A maverick dairyman named Hein Hettinga started bottling his own milk and selling it for as much as 20 cents a gallon less than the competition, exercising his right to work outside the rigid system that has controlled U.S. milk production for almost 70 years. Soon the effects were rippling through the state, helping to hold down retail prices at supermarkets and warehouse stores.

That was when a coalition of giant milk companies and dairies, along with their congressional allies, decided to crush Hettinga's initiative. For three years, the milk lobby spent millions of dollars on lobbying and campaign contributions and made deals with lawmakers, including incoming Senate Majority Leader Harry M. Reid (D-Nev.).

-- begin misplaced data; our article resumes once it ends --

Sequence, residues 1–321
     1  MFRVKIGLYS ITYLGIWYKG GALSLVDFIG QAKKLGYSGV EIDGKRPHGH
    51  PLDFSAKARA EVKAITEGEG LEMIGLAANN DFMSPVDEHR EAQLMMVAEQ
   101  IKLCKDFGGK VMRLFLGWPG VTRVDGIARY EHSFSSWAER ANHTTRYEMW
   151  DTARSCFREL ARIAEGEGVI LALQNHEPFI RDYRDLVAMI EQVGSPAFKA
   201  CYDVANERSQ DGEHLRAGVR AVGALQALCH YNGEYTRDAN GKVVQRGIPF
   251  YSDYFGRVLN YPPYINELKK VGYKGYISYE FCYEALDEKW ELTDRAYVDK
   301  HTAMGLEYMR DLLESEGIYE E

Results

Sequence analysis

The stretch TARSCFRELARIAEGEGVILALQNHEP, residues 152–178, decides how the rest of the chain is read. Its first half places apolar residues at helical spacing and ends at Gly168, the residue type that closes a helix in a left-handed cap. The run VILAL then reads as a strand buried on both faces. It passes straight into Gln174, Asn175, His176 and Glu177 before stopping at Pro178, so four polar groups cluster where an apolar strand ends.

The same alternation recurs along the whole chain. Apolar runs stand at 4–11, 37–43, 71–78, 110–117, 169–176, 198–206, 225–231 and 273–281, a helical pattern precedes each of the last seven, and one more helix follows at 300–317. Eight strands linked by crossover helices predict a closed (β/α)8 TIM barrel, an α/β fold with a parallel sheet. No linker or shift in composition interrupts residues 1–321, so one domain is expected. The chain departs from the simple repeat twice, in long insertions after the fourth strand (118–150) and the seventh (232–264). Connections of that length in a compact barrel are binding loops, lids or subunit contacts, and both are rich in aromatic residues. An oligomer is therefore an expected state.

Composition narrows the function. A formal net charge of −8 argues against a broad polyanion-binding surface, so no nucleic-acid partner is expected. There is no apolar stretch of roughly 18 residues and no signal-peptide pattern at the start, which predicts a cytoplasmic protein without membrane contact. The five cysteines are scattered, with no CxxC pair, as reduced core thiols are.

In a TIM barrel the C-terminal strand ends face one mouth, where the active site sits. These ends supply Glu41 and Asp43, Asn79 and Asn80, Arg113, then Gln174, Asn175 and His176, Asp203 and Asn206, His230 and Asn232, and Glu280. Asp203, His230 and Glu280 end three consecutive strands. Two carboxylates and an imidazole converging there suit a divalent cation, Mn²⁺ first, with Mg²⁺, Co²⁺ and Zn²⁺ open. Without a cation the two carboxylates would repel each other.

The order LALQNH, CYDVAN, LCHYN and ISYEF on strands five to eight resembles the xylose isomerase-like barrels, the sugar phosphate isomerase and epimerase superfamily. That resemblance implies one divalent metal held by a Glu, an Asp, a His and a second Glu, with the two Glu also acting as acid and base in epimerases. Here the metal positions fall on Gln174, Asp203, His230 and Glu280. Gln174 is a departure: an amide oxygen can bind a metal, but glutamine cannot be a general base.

Last March, Congress passed a law reshaping the Western milk market and essentially ending Hettinga's experiment -- all without a single congressional hearing.

"They wanted to make sure there would be no more Heins," said Mary Keough Ledman, a dairy economist who observed the battle.

At the end, participants said, Reid was plainly exasperated. "I'm not listening to any more of this," he said. "I'm out of here."

Reid made his move on Dec. 16, with the Senate chamber nearly empty. He brought up the milk bill, which passed a few minutes later by "unanimous consent," a procedure that requires no debate or roll call vote if both political parties agree. Reid and Kyl said in recent statements that their goal was to level the playing field for milk producers.
Our elected officials at work.
Posted by James Zellmer at 10:33 PM

December 3, 2006

Revenge of the Garlic Farmers, or More Feeding at the Public Till

Alexei Barrionuevo:
For decades, the fiercely independent fruit and vegetable growers of California, Florida and other states have been the only farmers in America who shunned federal subsidies, delivering produce to the tables of millions of Americans on their own.